All in all, I highly recommend Vienna to lovers of mystery with a spice of royal intrigue/conspiracies, to lovers of diversity and Sherlock-concept enthusiasts such as I am. You’ll laugh, you’ll feel like crying, you’ll cringe and get angry and smile at the end of the ride. And you won’t forget it anytime soon. Quality reading experience, big like!...more
In a Flutter: Awesome end to the series! Fluttering Thoughts: Worldbuilding: I have raved about the world of Sang when I read the first beauty of the series, Wicked Ever After. All my points still hold now, wow, 3 years later. Creative, well-done, exciting worldbuilding of doom, hurrah! Characters: While I very much enjoyed the whole cast of characters in the Blud series, I must admit I always had a special spot for Tish and Crim, both on their own, and as a couple. I was very curious to see how the story arc will end for them, what Tish would choose to do with her life, which world she’d go for. In the end, she chose to save her grandma, and despite how that went (and lol on that!) she ended up in her rightful place, by Crim’s side. I must admit I found Ruby a very interesting character, perhaps the likely heroine of a UF series all of her own – she was that kickass, imho. Plot: The romance between finally reaches the actual HEA, complete with kids and the quick peeks into the futures of other couples we’ve met throughout the series. I really enjoyed that. But there was some excitement in Wicked Ever After too, cool action, interesting confrontations, so it was a thrilling ride. Writing: First person, past tense narrative, Tish’s POV. Effortlessly charming style. Curb Appeal: Cool cover, hooking blurb – total impulsive buy material.
All in all, I really loved Wicked Ever After and do recommend the whole Blud series if you’re into original vampire worlds, charismatic characters and awesomesauce writing. Big like!...more
In a Flutter: Spectacularly fun! Review Meet my 4th Bomy Award of Excellence of the year,Originally posted at Butterfly-o-Meter Books on Oct 13 , 2015:
In a Flutter: Spectacularly fun! Review Meet my 4th Bomy Award of Excellence of the year, The Deathsniffer’s Assistant by Kate McIntyre. This is obviously my Mystery/Thriller year, because all of my Bomy Awards of Excellence have been from that area :D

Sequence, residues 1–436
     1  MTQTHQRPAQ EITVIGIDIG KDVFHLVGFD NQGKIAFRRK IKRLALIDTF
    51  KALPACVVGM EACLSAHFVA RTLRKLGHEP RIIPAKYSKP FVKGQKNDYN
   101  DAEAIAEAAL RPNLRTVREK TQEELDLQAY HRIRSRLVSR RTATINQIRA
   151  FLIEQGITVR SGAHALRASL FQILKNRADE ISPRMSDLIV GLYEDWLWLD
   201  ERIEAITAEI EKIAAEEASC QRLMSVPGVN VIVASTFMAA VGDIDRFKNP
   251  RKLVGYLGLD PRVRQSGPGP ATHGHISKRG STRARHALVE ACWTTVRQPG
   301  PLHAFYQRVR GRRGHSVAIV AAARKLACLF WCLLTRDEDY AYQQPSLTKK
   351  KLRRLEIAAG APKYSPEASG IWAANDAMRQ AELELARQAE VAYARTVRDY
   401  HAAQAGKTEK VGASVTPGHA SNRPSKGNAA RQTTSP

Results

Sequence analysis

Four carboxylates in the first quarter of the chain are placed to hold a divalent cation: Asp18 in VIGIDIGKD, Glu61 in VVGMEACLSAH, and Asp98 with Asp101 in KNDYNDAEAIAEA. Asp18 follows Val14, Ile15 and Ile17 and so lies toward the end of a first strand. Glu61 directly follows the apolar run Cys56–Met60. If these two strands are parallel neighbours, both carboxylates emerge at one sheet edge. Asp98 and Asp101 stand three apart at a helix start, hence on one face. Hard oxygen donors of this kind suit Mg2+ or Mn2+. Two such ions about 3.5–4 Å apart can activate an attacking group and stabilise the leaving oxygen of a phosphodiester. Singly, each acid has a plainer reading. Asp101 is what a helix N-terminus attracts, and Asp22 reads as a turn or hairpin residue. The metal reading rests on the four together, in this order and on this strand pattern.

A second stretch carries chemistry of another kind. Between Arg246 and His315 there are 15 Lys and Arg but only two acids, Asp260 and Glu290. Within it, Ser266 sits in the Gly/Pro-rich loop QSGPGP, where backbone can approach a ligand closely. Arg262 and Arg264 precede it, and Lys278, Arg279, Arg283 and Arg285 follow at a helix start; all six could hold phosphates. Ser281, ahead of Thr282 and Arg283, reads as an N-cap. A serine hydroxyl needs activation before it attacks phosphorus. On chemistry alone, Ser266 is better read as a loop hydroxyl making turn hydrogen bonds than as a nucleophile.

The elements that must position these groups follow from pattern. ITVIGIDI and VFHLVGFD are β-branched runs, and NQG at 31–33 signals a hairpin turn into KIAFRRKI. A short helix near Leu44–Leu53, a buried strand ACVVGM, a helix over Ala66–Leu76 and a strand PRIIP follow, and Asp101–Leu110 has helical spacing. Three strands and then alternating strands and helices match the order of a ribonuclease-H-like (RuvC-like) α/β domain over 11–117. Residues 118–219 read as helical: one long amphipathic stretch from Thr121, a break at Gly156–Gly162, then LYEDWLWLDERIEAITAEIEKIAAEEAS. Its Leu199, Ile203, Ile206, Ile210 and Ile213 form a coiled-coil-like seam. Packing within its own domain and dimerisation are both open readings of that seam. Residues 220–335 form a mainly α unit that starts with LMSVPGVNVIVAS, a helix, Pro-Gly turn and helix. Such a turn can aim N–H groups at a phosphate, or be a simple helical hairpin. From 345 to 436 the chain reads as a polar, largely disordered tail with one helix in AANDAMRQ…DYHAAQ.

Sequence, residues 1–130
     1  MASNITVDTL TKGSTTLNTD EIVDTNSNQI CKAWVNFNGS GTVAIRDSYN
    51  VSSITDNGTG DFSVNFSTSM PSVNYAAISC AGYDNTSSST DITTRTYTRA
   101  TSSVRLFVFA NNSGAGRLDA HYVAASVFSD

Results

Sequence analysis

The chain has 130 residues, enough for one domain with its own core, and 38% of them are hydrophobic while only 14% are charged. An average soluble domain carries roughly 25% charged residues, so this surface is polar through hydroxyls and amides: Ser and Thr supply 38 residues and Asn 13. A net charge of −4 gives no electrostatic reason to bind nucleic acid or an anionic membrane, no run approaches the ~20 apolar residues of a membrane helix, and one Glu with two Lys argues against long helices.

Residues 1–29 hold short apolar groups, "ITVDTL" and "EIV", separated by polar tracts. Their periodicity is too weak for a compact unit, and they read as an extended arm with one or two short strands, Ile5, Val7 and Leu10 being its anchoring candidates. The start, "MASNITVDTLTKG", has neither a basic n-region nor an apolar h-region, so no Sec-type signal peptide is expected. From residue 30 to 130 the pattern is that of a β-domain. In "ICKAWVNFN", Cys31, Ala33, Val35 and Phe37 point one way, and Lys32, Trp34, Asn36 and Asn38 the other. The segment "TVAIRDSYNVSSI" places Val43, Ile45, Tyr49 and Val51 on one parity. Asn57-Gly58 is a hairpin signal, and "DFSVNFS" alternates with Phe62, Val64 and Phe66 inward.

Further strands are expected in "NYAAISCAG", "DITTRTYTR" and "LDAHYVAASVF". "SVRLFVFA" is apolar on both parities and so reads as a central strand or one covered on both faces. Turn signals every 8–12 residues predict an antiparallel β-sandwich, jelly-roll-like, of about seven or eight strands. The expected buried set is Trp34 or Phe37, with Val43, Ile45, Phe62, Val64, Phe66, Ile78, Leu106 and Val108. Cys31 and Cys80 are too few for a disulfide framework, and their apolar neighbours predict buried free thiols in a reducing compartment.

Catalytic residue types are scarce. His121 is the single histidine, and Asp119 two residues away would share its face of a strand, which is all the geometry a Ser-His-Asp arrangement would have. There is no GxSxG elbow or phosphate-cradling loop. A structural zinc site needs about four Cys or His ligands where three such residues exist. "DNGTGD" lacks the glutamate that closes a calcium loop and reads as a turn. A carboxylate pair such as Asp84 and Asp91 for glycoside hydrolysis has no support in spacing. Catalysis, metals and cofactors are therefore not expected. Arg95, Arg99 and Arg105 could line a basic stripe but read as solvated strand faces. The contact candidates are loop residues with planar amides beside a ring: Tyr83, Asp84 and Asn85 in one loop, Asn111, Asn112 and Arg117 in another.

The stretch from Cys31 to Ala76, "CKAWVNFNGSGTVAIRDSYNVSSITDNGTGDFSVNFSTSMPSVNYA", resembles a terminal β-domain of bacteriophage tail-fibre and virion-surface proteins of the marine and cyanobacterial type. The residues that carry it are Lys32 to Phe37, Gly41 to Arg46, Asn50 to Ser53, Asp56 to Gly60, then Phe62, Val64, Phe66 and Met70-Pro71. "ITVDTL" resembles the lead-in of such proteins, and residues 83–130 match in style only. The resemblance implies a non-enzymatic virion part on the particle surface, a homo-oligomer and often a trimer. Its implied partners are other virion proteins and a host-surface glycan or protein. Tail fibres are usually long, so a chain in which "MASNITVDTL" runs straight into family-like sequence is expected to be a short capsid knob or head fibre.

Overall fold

What could be better than an Edwardian fantasy world, where all kinds of fantastic creatures – salamanders, elementals & such – are bound into objects, people communicate via magic mirrors as if they’re telephones, and everyone in the city is categorized as one or another kind of magic user? What, I ask you, could be better? I’ll answer it too: a sassy, irreverent, uber-fun female character and a beta male side-kick who allows us to enjoy her from an outside-perspective!
While the fantasy world was delicious, what I loved all the more about The Deathsniffer’s Assistant were the characters. I know it’s not gonna be fair to our MC, Chris, who is a lovely and loyal boy, but for me the absolute star was Olivia :D To be fair though, let’s talk about Chris first. I’m thrilled to see more and more beta male characters in my reads. Don’t get me wrong, alpha males are really hot and exciting to read about, but I find beta males to interesting more often than not – they’re complex characters, multi-dimensional, and they make the person they’re beside shine at full value. Chris was all of that, and more. He was entirely loyal and dedicated to his little sister, Rose, to their family home. A cultured, educated, uber-polite young man, a little superficial when it came to judging people by their shoes, but what would you expect – the boy is 19 after all :) There are bound to be some immature personality traits at that age. Him getting a job, finding ways to take care of his little sister, starting life as a parent though he’s the big brother actually made this a New Adult novel, imo. Olivia was entirely fascinating, though. Irreverent, independent, intelligent, utterly amusing and charming – you get my point. She’s the Sherlock-ian figure of the duo, the detective, the mystery solver, while Chris is the assistant. Olivia was an utter and irrevocable delight, snarky, no-BS, slightly erratic in places – because when your mind and truthsniffing are working overtime, it’s tough to be chilled-out -. I loved her a terrible lot, and found the fact she wasn’t the actual MC a stroke of genius. These are the kinds of characters that are charismatic, interesting, fascinating in fact enough to experience from their own POV, but even more so from another’s – like say their assistant, sidekick by large. So while Olivia was the star for me, she wasn’t the actual MC, and that was a brilliant move. Kudos Kate McIntyre!